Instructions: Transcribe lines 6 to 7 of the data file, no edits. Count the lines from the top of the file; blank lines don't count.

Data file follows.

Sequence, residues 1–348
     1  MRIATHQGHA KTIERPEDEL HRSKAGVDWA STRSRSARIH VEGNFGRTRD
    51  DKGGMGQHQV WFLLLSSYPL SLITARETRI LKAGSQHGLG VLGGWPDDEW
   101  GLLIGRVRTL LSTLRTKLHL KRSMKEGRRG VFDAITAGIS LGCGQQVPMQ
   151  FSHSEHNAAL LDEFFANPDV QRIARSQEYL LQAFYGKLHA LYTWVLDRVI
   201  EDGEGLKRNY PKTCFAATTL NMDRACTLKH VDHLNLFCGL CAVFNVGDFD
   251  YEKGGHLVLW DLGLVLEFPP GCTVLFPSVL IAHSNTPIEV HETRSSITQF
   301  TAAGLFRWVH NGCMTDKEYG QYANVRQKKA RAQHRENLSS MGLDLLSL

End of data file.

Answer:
   201  EDGEGLKRNY PKTCFAATTL NMDRACTLKH VDHLNLFCGL CAVFNVGDFD
   251  YEKGGHLVLW DLGLVLEFPP GCTVLFPSVL IAHSNTPIEV HETRSSITQF